Prof. SaeYoung Chung, Korea Advanced Institute of Science & Technology 

Abstract  We show some achievable rate regions of vector Gaussian broadcast channels with partial channel state information at the transmitter (CSIT) and perfect CSI at the receivers. We propose a scheme that uses both dirty paper coding (DPC) at the transmitter and successive interference cancelation (SIC) at thereceivers simultaneously and show gains of this scheme with respect to pure DPC or pure SIC under our channel assumptions. We then show a simple practical implementation of DPC using short block codes such as repetition codes and the (8,4) extended hamming code for shaping. Although the shaping gains of such codes are notvery high, they may provide a better complexityperformance tradeoff for simple practical implementations of DPC. Furthermore, we show accurate theoretical analysis is possible for such codes dueto their simplicity, which can provide us some intuition on how to design good shaping codes for DPC. KAIST homepage http://www.kaist.edu/ 



21072006 10:15  Avalanche: network coding for large scale content distribution
Dr Pablo Rodriguez, Microsoft Labs, Cambridge, UK 

Abstract  Up until recently, content distribution solutions consisted on placing dedicated equipment at certain places inside or at the edge of the Internet. However, in recent years, a new paradigm for Content Distribution has emerged based on a fully distributed architecture where commodity PCs are used to form a cooperative network and share their resources (storage, CPU, bandwidth). In this talk, we will study a P2P system for content distribution of large files that is based on network coding. With network coding, each node of the distribution network is able to generate and transmit informative blocks of information. This is particularly important in large unstructured overlay networks, where the nodes need to make decisions based on local information only. We will demonstrate the benefits of network coding under different realistic settings, present the results of several live trials, and discuss the implementation overheads and security related problems that need to be overcome to make such solution work. Dr Rodriguez's homepage http://research.microsoft.com/~pablo/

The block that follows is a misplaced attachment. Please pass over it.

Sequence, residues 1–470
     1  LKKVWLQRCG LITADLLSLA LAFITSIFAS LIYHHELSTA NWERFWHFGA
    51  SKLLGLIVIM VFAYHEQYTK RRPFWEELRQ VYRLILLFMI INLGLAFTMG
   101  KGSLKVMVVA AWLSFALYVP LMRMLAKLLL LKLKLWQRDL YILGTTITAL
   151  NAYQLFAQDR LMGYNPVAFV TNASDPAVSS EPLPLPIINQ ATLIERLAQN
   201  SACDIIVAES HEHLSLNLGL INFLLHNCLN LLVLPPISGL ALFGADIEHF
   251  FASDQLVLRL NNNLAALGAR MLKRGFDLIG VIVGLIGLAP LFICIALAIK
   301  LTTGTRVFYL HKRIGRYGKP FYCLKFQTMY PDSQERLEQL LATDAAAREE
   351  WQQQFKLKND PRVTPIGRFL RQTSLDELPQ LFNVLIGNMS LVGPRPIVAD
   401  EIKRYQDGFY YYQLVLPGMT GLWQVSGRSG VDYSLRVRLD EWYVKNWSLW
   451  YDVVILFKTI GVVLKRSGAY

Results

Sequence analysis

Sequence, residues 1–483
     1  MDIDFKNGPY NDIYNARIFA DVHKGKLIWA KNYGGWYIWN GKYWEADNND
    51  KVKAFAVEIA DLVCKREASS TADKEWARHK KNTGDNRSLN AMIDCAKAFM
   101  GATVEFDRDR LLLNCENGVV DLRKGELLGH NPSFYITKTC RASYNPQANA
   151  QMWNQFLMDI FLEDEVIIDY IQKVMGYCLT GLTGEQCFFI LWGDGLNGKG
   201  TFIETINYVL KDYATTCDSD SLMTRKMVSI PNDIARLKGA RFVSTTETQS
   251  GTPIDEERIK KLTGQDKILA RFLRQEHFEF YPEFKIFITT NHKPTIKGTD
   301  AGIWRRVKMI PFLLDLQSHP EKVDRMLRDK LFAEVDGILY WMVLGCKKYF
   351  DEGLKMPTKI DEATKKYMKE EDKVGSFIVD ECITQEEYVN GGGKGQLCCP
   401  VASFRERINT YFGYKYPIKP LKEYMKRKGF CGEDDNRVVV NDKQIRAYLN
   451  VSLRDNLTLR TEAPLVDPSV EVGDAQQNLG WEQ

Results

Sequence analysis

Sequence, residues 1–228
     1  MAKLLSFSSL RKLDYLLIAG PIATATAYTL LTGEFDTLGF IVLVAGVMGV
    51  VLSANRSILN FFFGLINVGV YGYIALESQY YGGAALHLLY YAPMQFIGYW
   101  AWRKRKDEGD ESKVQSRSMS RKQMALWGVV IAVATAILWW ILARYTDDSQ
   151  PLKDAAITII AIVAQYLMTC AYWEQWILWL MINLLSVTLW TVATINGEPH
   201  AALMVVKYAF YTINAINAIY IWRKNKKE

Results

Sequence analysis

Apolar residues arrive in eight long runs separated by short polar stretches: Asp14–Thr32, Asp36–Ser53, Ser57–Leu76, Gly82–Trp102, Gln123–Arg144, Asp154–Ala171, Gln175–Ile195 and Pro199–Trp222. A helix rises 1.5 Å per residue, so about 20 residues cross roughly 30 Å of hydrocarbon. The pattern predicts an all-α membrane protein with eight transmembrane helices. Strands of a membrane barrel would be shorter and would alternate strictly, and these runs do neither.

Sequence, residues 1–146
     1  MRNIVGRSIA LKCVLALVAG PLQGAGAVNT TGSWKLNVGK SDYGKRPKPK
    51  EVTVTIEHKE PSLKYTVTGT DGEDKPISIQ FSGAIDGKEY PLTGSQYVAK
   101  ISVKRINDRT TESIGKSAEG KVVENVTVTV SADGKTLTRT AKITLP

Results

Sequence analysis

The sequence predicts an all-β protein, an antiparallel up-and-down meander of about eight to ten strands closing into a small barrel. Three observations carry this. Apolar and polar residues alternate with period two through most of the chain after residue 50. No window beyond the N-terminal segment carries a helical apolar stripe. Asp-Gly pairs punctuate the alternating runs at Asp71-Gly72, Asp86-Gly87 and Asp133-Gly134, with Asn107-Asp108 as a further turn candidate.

21072006 14:15  Reversible and irreversible information networks
Prof. Soren Riis, Queen Mary, University of London, UK 

Abstract  In the talk I construct a network with the curious property that a set of k users (infact 38) in general can send messesages to their k friends without delay or congestion. However, their k friends cannot reply back without creating congestion or delays. This construction is the starting point for a number of related results. Using ideas akin to the Feynman integal from Quantum Electrodynamics, I show that information networks are reversible as far as linear solutions are concerned! The talk is to a large extent nontechnical and addresses a general (mathematically minded) audience. Prof. Riis' homepage http://www.dcs.qmul.ac.uk/~smriis/